When choosing a partner for hosting, check that they are familiar with hosting your type of installation. Ideally, ask your WCM vendor for recommendations (and a discount). Some WCM vendors will host your site too. This is far and away the safest option and will save you hours when trying to fix bugs as there will be no passing the buck between agencies.

  6. Carefully consider design, web 2.0 factors, and user personas.

    When it comes to developing the look and feel of your website, you need to develop a creative brief. The design brief should contain a range of information, including project background, audience or user personas, and style requirements imposed by your brand or corporate identity. Your design agency will be able to guide you on this.

    Start by gaining an understanding of your audience. This comes from data you have collected from online registrations and surveys, plus the knowledge you already have about your target markets and their buying habits. For each target group, develop user personas. These help give you a realistic picture of who your website is for. Typically, you only need four to six personas.

    Next, define how each user type will engage with you depending on what they are looking for and how. If it is a simple transactional service, such as registering for a free service, you will have to work hard to keep them onsite with your key messages in front of them. If they are coming to you for recreation or detailed research, it will be easier to engage them. The former group may require a more creative use of Web 2.0 to generate user-generated content.

  7. Selecting a Web Content Management partner.

    Large projects can be bid out to your specifications. Make sure you set the criteria that are important to the web team and contributors before you start the process. These might be ease of use, technology platform, or proven integration with 3rd party systems. You will obviously need to set a budget and be ready to attribute this to different elements; license, design, build, content migration, support, and hosting.

  8. How will you measure success?

    Set objectives in advance so you can measure success. Typical metrics might include: 1) number of unique visitors, 2) number of users who register or buy, 3) how long they stay on your site, 4) how much they interact with it (adding content), and 5) how many users came from certain ad campaigns.

    In order to measure these, there are free and paid for web analytics packages on offer (if they don’t come with your WCM). Google Analytics leads the free ones. You just need a Gmail account to get going, and then you have to copy and paste some code into your site. This will give you all the usual visitor numbers, referrals, and search terms, plus integrates well with Google Adwords. If you are running a larger retail site, then user journeys will be at the heart of your analytics. You might require a more feature-rich package to enable you to follow users around and to discover where and why they drop off and do not complete every transaction and contain variant testing.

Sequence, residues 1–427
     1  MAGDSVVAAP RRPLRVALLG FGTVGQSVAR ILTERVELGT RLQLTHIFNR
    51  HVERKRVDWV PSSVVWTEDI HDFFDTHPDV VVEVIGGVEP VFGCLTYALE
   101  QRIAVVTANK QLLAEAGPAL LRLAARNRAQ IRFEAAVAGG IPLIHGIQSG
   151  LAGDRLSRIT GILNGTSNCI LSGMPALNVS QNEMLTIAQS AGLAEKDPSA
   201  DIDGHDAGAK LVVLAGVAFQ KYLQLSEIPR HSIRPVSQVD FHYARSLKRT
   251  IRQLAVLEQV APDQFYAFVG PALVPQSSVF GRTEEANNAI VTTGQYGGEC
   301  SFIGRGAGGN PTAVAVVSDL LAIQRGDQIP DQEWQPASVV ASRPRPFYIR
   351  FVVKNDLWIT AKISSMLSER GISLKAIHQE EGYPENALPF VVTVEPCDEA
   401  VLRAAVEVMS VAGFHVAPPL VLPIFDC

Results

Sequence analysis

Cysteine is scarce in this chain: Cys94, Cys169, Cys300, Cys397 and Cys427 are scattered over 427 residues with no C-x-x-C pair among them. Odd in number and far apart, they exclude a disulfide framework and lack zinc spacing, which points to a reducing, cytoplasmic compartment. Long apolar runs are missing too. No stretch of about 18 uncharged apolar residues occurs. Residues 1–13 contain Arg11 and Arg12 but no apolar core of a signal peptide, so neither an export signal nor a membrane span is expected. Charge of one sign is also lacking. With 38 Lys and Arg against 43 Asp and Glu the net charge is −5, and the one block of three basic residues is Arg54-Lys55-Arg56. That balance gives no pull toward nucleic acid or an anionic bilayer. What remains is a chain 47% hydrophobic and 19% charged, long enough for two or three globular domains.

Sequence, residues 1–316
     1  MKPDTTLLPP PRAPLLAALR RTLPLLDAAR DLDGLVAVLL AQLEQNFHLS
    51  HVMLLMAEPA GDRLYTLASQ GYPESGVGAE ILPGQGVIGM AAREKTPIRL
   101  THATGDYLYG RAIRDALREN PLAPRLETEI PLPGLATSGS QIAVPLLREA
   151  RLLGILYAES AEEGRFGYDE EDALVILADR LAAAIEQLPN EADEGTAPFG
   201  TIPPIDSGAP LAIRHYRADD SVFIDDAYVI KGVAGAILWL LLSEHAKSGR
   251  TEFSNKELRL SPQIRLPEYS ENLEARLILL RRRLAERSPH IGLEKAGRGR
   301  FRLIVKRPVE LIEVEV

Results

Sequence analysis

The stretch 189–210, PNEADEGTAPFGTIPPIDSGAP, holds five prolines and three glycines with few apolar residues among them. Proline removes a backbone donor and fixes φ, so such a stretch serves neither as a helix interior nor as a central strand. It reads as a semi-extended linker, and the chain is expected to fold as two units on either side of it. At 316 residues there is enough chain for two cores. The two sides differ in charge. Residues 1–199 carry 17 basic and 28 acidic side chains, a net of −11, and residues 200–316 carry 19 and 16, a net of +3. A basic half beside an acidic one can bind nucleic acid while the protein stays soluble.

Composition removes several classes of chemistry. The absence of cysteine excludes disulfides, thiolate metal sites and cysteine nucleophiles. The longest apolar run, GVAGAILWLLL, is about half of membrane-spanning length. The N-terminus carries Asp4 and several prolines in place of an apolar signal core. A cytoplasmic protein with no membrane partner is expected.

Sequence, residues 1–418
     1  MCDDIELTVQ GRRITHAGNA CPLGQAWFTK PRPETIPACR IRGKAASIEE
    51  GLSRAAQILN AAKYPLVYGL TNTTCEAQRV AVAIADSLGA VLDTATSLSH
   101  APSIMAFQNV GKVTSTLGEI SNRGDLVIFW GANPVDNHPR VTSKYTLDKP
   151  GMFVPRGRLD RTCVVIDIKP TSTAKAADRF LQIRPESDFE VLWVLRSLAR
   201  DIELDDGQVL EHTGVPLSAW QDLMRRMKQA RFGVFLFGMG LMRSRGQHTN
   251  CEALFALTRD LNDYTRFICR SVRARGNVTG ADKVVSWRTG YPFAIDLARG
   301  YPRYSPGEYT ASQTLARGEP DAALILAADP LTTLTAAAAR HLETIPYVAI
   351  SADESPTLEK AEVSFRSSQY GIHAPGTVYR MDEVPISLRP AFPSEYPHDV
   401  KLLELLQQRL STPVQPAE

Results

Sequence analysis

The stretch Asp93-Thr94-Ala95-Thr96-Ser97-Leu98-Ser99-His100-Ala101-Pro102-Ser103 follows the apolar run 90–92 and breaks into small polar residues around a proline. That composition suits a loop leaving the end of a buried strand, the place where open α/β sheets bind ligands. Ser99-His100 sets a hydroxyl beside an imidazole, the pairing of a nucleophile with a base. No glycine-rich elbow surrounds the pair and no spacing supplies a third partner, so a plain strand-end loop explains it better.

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About John Mancini

John Mancini is the President of Content Results, LLC and the Past President of AIIM. He is a well-known author, speaker, and advisor on information management, digital transformation and intelligent automation. John is a frequent keynote speaker and author of more than 30 eBooks on a variety of topics. He can be found on Twitter, LinkedIn and Facebook as jmancini77. Recent keynote topics include: The Stairway to Digital Transformation Navigating Disruptive Waters — 4 Things You Need to Know to Build Your Digital Transformation Strategy Getting Ahead of the Digital Transformation Curve Viewing Information Management Through a New Lens Digital Disruption: 6 Strategies to Avoid Being “Blockbustered” Specialties: Keynote speaker and writer on AI, RPA, intelligent Information Management, Intelligent Automation and Digital Transformation. Consensus-building with Boards to create strategic focus, action, and accountability. Extensive public speaking and public relations work Conversant and experienced in major technology issues and trends. Expert on inbound and content marketing, particularly in an association environment and on the Hubspot platform. John is a Phi Beta Kappa graduate of the College of William and Mary, and holds an M.A. in Public Policy from the Woodrow Wilson School at Princeton University.